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Wildcat Half Marathon Race Recap

I ran the Brazen Racing Wildcat Half Marathon from El Sobrante on Saturday, which was my second half marathon.  It seems Ted was thinking about talking me out of signing up, but I went ahead and registered before he told me how nasty this course would be.

We briefly covered this event, but this post expands the topic a bit further.

I went ahead and registered for the event before I bothered to closely evaluate the course profile.  Before I jump into my race experience, let me first say that this route was definitely hard!  It seemed like we were either going up or down a hill, through mud, or on single-track the entire 13.1-mile course.

The gun sounded at 8:30, and it only took a couple hundred yards into the race before everyone had to tackle the first climb of the day.  I briefly looked at the map before we started, but I didn’t realize my lungs were going to explode within the first mile.

Up, up, and up some more!  The uphill portions were steep enough they forced most people to walk, and the downhills were fast and dangerous.  We passed a few people going up the hills, only to see them fly down the hill at speeds that looked somewhat hazardous.

The rest of the blog post is available after the jump.

The course itself offered good trails, including a section of mud that simply couldn’t be avoided, and it’d be hard to ask for much else from a trail half marathon.  How can you go wrong when there is horse and cow poo, mud, water, streams, and nasty climbs that hurt everyone out on the course?

We stumbled across at least one person (a 10K runner) who got lost and ended up stumbling on the half marathon course without turning back.

The half marathon runners had to look for red ribbons hanging from tree branches and or tied to plants on the side of the road.  There were also mile signs for each mile, but some of them were mysteriously unearthed like someone may have pulled them out of the ground.

Brazen did its best to have the trail properly marked, but there were still a couple of spots where it would have been beneficial to have more than one red ribbon on the side of the road.  The portion of the course where a half marathon runner right in front of us missed his turn could have been better marked, especially since it looks like the red ribbon may have been untied.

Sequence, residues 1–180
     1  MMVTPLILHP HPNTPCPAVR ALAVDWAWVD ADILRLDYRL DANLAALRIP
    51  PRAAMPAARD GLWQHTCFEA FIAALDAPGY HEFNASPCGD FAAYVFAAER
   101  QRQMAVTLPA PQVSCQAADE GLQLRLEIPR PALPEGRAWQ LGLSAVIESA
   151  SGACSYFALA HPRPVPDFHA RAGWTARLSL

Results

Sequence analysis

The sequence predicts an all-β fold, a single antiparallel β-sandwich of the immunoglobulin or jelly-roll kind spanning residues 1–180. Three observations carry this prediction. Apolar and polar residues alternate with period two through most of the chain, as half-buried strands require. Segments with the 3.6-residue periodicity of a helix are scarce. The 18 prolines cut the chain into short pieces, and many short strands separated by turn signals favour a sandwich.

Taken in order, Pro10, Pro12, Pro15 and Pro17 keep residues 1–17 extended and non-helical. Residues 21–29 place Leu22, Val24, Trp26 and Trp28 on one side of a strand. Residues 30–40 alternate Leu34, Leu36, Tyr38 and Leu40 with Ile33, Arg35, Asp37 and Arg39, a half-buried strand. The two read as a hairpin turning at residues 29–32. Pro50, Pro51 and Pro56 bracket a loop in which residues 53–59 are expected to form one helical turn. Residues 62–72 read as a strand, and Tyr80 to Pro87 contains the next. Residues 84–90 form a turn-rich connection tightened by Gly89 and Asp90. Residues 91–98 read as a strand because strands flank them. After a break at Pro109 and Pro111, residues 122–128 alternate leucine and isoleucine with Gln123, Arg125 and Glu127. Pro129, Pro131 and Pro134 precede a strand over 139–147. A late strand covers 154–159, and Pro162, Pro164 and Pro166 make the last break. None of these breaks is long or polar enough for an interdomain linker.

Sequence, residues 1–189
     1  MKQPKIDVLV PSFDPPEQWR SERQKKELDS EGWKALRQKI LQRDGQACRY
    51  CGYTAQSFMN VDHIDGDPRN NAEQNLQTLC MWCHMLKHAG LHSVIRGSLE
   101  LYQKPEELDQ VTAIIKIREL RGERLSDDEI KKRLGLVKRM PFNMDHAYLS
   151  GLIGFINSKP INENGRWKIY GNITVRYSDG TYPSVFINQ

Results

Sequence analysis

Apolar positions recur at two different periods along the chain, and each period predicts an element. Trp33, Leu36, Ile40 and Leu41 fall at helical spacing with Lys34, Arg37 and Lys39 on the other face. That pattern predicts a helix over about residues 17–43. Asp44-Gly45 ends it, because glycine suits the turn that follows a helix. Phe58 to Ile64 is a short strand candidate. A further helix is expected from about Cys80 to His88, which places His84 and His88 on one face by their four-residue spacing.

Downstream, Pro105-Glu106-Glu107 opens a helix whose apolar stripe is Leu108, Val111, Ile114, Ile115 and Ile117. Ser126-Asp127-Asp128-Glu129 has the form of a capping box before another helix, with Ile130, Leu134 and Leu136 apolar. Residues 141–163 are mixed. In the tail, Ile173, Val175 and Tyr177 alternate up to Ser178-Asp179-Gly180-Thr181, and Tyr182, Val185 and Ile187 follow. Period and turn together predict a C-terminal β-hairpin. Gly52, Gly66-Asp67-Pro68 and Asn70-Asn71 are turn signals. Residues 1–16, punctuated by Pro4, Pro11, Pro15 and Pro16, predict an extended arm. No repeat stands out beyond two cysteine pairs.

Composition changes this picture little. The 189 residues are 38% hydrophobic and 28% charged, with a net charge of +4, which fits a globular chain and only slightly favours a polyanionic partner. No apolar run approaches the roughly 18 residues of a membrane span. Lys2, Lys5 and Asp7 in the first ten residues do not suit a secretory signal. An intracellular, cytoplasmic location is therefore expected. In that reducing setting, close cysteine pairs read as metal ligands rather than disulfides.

The last major turn on the course, for example, was marked by a ribbon, but it was located in a spot that made it somewhat difficult to see.  Furthermore, it looked like the chalk arrow may have been wiped away by other runners – but we found the ribbon – and found our way towards the finish.

Aside from these minor hiccups, the event was excellent.  The aid stations were properly staffed with supportive volunteers, water, GU, electrolyte drink, oranges, gummy bears, and other treats we enjoyed.

It seems the Brazen site notes 2,204′ of total elevation gain, but the satellite map with elevation profile marks 3,585′ of elevation change.

Realizing I had a chance to break 2:30 on the day, I stepped it up towards the end of the race.  I haphazardly flew down the final descent of the day (the hill that cracked us at the beginning), and slotted in at 2:28:49.  (Ted didn’t turn himself inside out and still finished at 2:29:05, but I didn’t want to take the chance.)

The next Brazen race will be the Nitro Trail Half Marathon at Point Pinole Regional Park on Saturday, June 5th.  Hope to see you out there!

3 Comments so far »

  1. by ted, on April 26 2010 @ 8:59 pm


    Who took that good picture of you running through the woods?

    For you readers out there. We did not start on the top of that hill. We ran from sea level.

  2. by Peter, on April 26 2010 @ 11:09 pm


    I was a running partner with you and Ted for a portion of the run! Your enthusiasm was great. I thought I might be able to keep up on the final descent but you quickly disappeared out of view.

  3. by Michael, on April 27 2010 @ 9:10 am


    Hi there Peter! Glad you found us here at Alameda Runners… 🙂

    Once I figured out I could break 2:30 if I pushed a bit harder, I dropped the hammer down (mainly on myself). The last downhill was quite scary because I flew down the hill a bit faster than I initially expected.

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